Given that we have legislation to prevent atrocities against Dalits, will it be acceptable to say that just because someone has converted to Christianity or Islam, the person can no longer claim protection from such laws?
“The Union government’s opposition to extending Scheduled Caste (SC) status to Dalits who convert to Christianity and Islam has shades of social exclusionary intent and compulsions of vote bank politics. If the Constitution (SC) Order, 1950 can allow persons from Sikh or Buddhist religion to be a member of SC, then converted Dalits should also be included, as it does not change their inherent social status. The Order of 1950 falls within the purview of doctrine of lapse, as it seems to be selectively discriminatory and against the egalitarian spirit of the Indian constitution,” says Praveen Rai, a political analyst at the Centre for the Study of Developing Societies, New Delhi.
“Though both Abrahamic religions do not recognise caste and oppose untouchability, in reality, it is prevalent in most non-Hindu religions due to conversions that happened centuries ago. The failure to grant Scheduled Caste status to converts goes against the pith and substance rule of affirmative action to Scheduled Caste, Scheduled Tribe and Other Backward Classes, which is to rectify historical wrongs and uplift socially deprived sections of the society,” explains Rai.
The puzzling questions that surround the central debate on the issue are: What is the present socio-economic status of Dalits who converted to Islam and Christianity? What is the answer to the claim made by the government that untouchability is absent in Christianity and Islam? Has the situation of converted Dalits improved as compared to their living standard in the past?
Will the government change its mind if the finding of the commission notes that the condition of converted Dalits has not changed as desired? Or, will the commission paint a picture echoing the government’s stand, similar to its affidavit in the Supreme Court?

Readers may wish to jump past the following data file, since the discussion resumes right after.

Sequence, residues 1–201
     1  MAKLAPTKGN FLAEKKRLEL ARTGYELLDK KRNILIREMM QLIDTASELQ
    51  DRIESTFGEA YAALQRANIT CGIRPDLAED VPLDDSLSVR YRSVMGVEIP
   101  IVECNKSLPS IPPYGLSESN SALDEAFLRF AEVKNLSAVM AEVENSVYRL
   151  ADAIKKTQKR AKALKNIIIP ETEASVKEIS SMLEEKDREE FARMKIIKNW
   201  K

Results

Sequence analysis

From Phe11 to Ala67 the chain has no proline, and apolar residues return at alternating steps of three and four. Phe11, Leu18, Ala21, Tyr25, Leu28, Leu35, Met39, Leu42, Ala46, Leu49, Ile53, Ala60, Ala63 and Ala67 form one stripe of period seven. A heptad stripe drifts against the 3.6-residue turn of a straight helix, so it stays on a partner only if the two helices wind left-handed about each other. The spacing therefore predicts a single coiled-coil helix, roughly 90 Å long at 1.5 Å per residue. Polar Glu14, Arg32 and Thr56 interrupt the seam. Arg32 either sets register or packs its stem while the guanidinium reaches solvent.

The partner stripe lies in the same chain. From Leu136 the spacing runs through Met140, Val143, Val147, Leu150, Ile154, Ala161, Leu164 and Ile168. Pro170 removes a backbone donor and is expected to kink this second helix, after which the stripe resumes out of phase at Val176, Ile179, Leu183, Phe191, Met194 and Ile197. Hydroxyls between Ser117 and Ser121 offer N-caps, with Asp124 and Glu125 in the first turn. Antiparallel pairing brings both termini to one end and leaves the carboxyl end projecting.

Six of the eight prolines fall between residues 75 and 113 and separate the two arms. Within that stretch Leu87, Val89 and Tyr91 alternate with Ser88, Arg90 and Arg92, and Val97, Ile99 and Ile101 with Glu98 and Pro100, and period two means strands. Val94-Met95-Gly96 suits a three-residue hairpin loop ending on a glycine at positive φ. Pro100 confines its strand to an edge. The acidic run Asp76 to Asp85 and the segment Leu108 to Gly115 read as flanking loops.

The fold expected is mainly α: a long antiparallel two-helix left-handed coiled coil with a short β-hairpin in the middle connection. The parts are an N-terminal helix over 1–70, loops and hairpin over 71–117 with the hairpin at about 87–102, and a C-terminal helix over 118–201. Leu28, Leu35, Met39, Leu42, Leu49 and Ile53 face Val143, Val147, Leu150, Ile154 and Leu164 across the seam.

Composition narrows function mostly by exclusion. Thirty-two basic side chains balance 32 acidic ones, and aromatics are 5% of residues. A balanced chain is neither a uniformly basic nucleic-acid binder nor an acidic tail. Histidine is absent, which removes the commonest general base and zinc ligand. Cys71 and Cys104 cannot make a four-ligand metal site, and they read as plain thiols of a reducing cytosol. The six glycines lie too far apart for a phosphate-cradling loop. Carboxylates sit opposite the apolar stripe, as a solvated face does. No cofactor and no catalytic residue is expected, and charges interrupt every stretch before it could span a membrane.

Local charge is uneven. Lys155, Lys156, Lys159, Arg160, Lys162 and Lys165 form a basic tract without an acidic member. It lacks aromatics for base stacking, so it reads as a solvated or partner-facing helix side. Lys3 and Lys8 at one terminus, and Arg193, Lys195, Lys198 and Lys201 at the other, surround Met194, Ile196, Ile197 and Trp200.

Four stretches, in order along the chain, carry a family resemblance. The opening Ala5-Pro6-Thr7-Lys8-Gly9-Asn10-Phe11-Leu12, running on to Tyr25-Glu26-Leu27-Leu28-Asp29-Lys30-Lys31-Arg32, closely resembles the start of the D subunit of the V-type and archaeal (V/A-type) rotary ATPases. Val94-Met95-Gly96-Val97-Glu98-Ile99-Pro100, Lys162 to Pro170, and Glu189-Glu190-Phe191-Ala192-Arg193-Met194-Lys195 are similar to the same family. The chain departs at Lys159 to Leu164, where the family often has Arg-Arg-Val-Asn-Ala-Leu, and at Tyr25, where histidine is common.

“The principle of social justice must be extended to all socially, educationally and historically marginalised groups irrespective of their religious identity,” said Afroz Alam of the Maulana Azad National Urdu University, Hyderabad. Yet, the ruling BJP took a differing view.
At a political level, the party is engaging such Muslims and Christians, but, in its response to the Supreme Court, has ruled out any grant of Scheduled Caste status. Undoubtedly, Dalit Muslims are subjected to discrimination at multiple levels. Their inclusion in the SC category will provide an opportunity to improve not only their socio-economic and educational status but also help them to gain confidence to become part of and compete in mainstream society.
The Sachar Commission Report, which was tabled in May 2007, noted that the socio-economic conditions of Dalit Muslims and Dalit Christians have not improved after their conversion. The Ranganath Misra Commission has also suggested that Scheduled Caste status be “totally de-linked from religion, and Scheduled Castes [should be rendered] absolutely religion-neutral like that of Scheduled Tribes.”
In 2008, Geetika Bapna and Satish Deshpande conducted research titled Dalits in the Muslim and Christian Communitie: A Status Report on Current Social Scientific knowledge for the National Commission for Minorities.
As per the findings, “There can be no question that Dalit Muslims and Dalit Christians are recognised and treated differently in their respective religious communities, and there is no room for debate about the reality that they are consistently seen as ‘socially inferior’ societies by their fellow believers. In essence, Dalit Muslims and Dalit Christians are Dalits first and Muslims and Christians second in the majority of social circumstances.”
The analyses carried out by academics from NSSO data revealed that Dalit Muslims are “unquestionably the worst off” of all Dalits, although Dalit Christians fared slightly better. The highest social class among Dalits belonged to Dalit Sikhs. Will the commission take note of the above assertions in the right perspective and recommend Scheduled Caste status to converted Dalits, or fall in line with the government?
Abusaleh Shariff is a chief scholar at US-India Policy Institute, Washington DC. Mohd Naushad Khan is a sub-editor at Radiance Viewsweekly.
Courtesy : The Wire
Note: This news piece was originally published in thewire.com and used purely for non-profit/non-commercial purposes exclusively for Human Rights